Coast Beer Co’s “Farmhouse Ale” is a delightfully different UK-hopped low-alcohol (0.3%) pale ale. Get tasting notes an find out ingredients, nutritional info and stockists in this review.
Ah, the humble hop.
When medieval brewers first started adding wild hops to their beers as a preservative, who’d have known modern brewers would have such a choice of hops at their disposal?
Much of this is down to globalisation, making it pretty easy for, say, a brewer in the USA to get hold of Czech hops and a brewer in the Czech Republic to get hold of US Cascade hops.
It’s also thanks to an explosion in hop breeding programmes in the late 20th and early 21st centuries that more varieties have become available.
Some hop types, which have become staple in many craft beers including many non-alcoholic ales and lagers, were only recently created.
For instance, the Citra hop only came onto the market in 2007 but it’s now in thousands of beers. Even the Challenger hop, common in traditional English ales, is relatively new, first released in 1972.
However, many classic hops have survived the trend for using modern varieties in craft beer. This includes East Kent Goldings (also known as Canterbury Golding), which came to market in the late 1700s.
Considered a quintessentially British hop, it’s used in many traditional UK ales as well as some Belgian beers.
This includes Coast Beer Co’s 0.3% ABV “Farmhouse Ale”. This is brewery’s second beer released earlier this year.
Coast is a Scottish company, but brews its beers at De Proufbrouwerij in Belgium, which is also the brewery Mikkeller uses to produce alcohol-free beers including Henry and His Science and Racing Beer.
Ingredients, calories, carbs and sugar
Along with the East Kent Goldings hops, this brewery uses a mix of pale and pilsner malts and wheat in the grain bill. I wouldn’t be surprised if Coast had access to Mikkeller’s low-alcohol yeast strain ‘mikkellensis’ for this one. If so, it’s unlikely the brewery has to remove any alcohol following fermentation.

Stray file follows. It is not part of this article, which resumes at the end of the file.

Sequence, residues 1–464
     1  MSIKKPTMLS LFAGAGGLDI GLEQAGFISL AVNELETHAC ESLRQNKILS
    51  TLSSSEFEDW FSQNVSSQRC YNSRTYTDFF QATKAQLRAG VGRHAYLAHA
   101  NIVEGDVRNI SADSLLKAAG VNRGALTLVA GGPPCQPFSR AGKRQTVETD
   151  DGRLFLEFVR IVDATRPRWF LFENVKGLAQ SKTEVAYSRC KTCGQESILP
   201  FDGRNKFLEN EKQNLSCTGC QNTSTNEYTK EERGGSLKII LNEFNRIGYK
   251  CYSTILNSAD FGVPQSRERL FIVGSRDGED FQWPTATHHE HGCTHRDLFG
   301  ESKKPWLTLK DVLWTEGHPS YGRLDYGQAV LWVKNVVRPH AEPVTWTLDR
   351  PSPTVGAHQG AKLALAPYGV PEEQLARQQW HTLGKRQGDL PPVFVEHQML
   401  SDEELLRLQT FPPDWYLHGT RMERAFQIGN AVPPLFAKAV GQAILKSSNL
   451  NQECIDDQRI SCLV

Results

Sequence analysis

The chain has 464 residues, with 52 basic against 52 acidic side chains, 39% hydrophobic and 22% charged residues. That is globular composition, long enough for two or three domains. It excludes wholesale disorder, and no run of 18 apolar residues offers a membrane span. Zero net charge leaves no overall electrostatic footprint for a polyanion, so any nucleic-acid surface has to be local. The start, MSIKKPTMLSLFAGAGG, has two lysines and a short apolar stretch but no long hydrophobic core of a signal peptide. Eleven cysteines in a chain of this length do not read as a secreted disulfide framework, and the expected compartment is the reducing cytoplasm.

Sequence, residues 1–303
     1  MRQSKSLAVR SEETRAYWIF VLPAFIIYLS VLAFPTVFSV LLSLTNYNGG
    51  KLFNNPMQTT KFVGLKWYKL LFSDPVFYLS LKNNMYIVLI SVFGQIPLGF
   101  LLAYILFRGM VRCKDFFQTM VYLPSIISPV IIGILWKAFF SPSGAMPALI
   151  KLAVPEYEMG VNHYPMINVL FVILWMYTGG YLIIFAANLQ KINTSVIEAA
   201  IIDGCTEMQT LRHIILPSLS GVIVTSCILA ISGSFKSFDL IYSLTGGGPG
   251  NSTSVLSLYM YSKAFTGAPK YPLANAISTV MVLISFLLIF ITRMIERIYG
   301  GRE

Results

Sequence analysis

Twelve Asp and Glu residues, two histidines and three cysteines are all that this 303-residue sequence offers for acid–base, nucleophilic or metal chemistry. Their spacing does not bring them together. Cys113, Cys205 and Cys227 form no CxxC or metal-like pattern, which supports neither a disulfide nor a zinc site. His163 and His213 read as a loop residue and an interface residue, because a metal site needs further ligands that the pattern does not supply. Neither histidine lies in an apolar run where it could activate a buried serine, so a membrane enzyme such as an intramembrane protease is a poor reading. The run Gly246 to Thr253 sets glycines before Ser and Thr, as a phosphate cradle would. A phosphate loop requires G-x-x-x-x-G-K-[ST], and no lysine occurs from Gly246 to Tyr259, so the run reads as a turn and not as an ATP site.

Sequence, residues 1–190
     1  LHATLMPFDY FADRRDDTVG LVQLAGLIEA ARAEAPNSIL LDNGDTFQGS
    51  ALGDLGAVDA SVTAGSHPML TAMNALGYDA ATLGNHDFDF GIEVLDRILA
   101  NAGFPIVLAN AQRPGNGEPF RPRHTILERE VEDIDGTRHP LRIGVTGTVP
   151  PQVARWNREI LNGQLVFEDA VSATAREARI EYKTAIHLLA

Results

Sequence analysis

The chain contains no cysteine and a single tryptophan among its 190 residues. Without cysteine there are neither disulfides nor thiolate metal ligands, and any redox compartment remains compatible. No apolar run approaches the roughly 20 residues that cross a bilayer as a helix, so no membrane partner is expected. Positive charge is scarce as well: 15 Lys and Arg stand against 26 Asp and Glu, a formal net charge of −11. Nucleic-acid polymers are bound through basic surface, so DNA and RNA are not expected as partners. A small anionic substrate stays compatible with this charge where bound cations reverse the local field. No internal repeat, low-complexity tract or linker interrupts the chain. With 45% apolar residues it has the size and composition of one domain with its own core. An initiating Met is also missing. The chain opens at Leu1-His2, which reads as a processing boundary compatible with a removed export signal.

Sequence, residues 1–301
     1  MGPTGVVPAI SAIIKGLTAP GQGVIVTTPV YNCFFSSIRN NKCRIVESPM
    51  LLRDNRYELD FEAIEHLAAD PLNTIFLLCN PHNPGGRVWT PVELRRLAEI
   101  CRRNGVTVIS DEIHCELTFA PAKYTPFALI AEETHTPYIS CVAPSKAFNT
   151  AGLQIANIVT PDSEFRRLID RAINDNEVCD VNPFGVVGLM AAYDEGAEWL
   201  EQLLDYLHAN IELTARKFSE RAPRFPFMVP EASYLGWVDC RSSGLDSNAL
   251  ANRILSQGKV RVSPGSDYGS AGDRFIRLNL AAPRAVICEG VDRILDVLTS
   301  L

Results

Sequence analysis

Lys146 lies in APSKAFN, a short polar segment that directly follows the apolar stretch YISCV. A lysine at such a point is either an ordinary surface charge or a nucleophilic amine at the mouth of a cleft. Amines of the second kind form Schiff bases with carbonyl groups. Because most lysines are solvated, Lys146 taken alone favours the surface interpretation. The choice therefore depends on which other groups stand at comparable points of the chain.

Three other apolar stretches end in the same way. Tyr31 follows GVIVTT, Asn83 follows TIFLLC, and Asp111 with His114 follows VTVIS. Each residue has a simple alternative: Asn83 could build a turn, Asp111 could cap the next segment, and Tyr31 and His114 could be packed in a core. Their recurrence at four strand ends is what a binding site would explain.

There’s no lactose, so it’s vegan friendly. The calories come in at 16 per 100ml, with 4g of carbs and 3g of sugar per 100ml.
Flavour, aroma, appearance and mouthfeel
Farmhouse Ale looks a beauty on pouring, living up to its name with a murky brown colouring and a rustic slab of foam up top.
The aroma is varied if unconventional. A sharp tangy cocktail of pineapple, mango and rhubarb mix with traces of tangerine, honey and pale malt to create an earthiness that belies its farmhouse label.
The medium body is great, with a smooth mouthfeel and tickle of velvety carbonation. It’s sticky but doesn’t feel cloying like many other AF beers.
The tang from the aroma continues in the taste, but it’s missing the harsher acidity that would slip it into the sour beer category.
After the hit of sourness, it’s sweet with a small amount of bitterness pushing through after a few sips. There’s less variety in the flavour than in the aroma with tangerine and rhubarb sitting on top of some light maltiness.
As with the Mikkeller non-alcoholic beers, it feels like the fruitiness comes from the yeast, bit it’s likely this mixed with flavours from the malts and hops that’s producing this unusual yet tasty flavour.
Coast Beer Co’s Farmhouse Ale certainly lives up to its billing. It’s unusual on first taste yet strangely alluring once you’ve had a few sips.
If your palate is flexible and adventurous, give it a try, especially if you enjoy Mikkeller’s non-alcoholic beers. Just don’t expect a typical pale ale in your glass.
Key info – Coast Beer Co Farmhouse Ale
- Name: Farmhouse Ale
- Brewery: Coast Beer Co
- Style: pale ale
- Alcohol content: 0.3%
- Calories: 53
- Carbohydrates: 13.2g
- Sugar: 9.9g
- Ingredients: water, barley malt, wheat, hops, yeast
- Country: UK/Belgium
- Dispense: can (330ml)
- Stockists (UK): Beer Hawk*, Zeroholic* (use the code STEADY at checkout to get 10% off your Zeroholic order), Light Drinks* (use this link to get 10% off your Light Drinks order), Wise Bartender* (use the code STEADY at checkout to get 5% off your Wise Bartender order), Dry Drinker